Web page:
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5 Cool Facts About the Olympics You Need to Know

Today is the 120th anniversary of the Modern Olympics. BrainGain magazine brings you 5 cool facts that we think you should know.
BY Skendha Singh |   06-04-2016

It is the 120th anniversary of the Modern Olympic Games. Modern, because we can’t really tell when the first ever Olympics were held in ancient Greece. So, we thought we’d collect a few of the coolest facts about the most prestigious sporting event in the world. Here they are –

  1. The Olympiad: The Olympics were held in Greece in honour of Zeus, King of Gods. They were held then, as they are now, once in four years. They were three other games – Pythian, Nemean and Isthmian, but the Olympics were the most important. The Olympiad became a unit of measuring time for the ancient Greeks.
  2. Nude Athletes: Nike, Adidas, Under Armor and other sportswear giants would be at a loss in ancient Greece. The male athletes (there were no women until 1900) worked out, and competed, in the nude. The tradition of athletic nudity started in 720 BC, and was considered a tribute to the gods.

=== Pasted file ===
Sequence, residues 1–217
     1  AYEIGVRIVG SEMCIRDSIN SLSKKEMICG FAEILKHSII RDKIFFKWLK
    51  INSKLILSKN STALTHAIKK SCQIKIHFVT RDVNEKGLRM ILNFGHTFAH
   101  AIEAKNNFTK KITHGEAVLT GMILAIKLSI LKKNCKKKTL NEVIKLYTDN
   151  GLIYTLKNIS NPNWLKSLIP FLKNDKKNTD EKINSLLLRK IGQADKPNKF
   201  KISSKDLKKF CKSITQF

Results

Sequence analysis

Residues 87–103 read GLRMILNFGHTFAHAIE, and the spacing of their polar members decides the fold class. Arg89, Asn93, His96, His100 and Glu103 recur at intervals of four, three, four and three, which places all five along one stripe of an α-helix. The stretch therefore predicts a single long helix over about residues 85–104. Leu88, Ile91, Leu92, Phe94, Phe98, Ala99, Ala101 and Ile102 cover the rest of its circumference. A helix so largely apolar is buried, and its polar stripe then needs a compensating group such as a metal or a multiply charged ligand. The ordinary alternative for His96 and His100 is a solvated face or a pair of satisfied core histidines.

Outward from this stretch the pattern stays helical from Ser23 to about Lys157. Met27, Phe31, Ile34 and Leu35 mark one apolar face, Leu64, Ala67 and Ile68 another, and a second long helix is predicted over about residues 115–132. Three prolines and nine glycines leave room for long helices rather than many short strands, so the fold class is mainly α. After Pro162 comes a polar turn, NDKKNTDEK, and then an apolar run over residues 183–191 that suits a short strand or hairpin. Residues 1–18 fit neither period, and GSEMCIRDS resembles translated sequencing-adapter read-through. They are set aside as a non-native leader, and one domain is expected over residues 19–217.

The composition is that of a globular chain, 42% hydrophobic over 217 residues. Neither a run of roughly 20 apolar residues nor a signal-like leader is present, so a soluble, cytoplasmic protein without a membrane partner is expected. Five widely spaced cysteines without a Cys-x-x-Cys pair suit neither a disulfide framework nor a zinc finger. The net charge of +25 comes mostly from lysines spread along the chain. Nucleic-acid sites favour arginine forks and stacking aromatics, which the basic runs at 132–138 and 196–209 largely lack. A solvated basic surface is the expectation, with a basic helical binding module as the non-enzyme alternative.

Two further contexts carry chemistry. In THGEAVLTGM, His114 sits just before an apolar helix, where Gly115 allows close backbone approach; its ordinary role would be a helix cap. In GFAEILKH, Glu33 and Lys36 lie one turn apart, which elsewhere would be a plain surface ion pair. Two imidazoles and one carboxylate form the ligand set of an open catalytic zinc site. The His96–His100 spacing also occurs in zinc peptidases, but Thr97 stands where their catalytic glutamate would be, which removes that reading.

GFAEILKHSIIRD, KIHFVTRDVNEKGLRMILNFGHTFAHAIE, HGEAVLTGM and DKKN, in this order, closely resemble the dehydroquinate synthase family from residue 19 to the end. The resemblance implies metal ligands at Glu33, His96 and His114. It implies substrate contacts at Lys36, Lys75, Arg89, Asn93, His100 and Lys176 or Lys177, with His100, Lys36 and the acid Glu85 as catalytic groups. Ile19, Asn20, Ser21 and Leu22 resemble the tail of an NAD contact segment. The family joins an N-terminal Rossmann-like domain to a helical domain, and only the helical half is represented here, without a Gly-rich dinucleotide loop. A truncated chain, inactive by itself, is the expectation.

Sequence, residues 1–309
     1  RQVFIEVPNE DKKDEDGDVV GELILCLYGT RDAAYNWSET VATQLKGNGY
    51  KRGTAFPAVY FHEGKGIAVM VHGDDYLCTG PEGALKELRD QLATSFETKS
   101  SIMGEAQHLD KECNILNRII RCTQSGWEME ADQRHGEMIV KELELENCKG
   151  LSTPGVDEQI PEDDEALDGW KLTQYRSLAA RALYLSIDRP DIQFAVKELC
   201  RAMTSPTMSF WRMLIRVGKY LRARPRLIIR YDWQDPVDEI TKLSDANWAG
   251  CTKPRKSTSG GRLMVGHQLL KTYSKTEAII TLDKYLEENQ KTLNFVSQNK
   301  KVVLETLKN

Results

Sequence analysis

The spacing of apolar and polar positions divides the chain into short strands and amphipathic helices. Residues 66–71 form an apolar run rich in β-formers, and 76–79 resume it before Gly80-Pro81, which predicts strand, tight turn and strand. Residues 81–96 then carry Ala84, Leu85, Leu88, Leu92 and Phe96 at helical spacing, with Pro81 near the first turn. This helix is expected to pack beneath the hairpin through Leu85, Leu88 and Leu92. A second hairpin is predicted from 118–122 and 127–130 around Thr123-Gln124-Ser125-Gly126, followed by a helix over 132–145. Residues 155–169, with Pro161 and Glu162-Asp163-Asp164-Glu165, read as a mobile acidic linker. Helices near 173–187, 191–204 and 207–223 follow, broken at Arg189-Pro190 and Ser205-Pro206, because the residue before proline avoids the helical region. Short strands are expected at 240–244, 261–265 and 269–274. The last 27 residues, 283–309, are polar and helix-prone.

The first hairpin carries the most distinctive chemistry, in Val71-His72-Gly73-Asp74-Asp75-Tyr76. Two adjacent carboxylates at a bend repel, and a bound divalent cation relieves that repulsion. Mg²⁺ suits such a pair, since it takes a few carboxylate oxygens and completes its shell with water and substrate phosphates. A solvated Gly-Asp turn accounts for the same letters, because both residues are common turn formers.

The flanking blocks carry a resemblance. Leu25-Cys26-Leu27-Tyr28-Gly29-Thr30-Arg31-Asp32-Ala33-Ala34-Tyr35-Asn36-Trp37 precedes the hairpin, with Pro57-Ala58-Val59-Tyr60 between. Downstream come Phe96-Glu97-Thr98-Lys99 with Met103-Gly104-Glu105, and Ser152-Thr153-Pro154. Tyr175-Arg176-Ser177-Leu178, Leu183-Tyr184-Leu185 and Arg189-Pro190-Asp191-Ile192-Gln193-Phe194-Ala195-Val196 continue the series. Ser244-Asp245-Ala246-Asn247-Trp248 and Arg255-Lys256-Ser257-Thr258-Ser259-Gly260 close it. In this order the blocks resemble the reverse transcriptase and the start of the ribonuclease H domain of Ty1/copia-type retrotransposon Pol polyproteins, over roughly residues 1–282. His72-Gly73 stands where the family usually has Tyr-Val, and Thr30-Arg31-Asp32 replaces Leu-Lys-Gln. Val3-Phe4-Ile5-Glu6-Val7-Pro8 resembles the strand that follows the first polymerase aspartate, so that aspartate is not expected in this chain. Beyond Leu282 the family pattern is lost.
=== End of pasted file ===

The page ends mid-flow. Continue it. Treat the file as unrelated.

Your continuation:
3. The First Olympics On TV: Held in 1936, the Berlin (or 'Nazi') Olympics were the first ever to be televised. While nowhere close to showing us each bead of sweat rolling down ripped muscles, or making each grunt of effort audible, it was still a huge leap from the radio commentary.

    Hitler was Chancellor during these Olympics, and wanted everything to be suitably glorious. However, not everything moved according to plan. Thousands of pigeons were released in the sky. As the pigeons circled overhead, cannons were fired. This frightened the poor birds. A mass of droppings followed.
  4. More Glitter Than Gold: For more than a 100 years, medals haven’t been made of gold. They are silver but with a gold plating. The winners should still be happy. In ancient Greece, all that the sole winner received was a wreath of olive leaves. The idea was men fighting for honour, rather than money.
  5. Olympic Rings: Five in number. Blue, black, green, yellow and red in colour. In number, they represent the major regions of the world – Africa, Americas, Asia, Europe and Oceania. As for the colours, all the national flags feature at least one of those.



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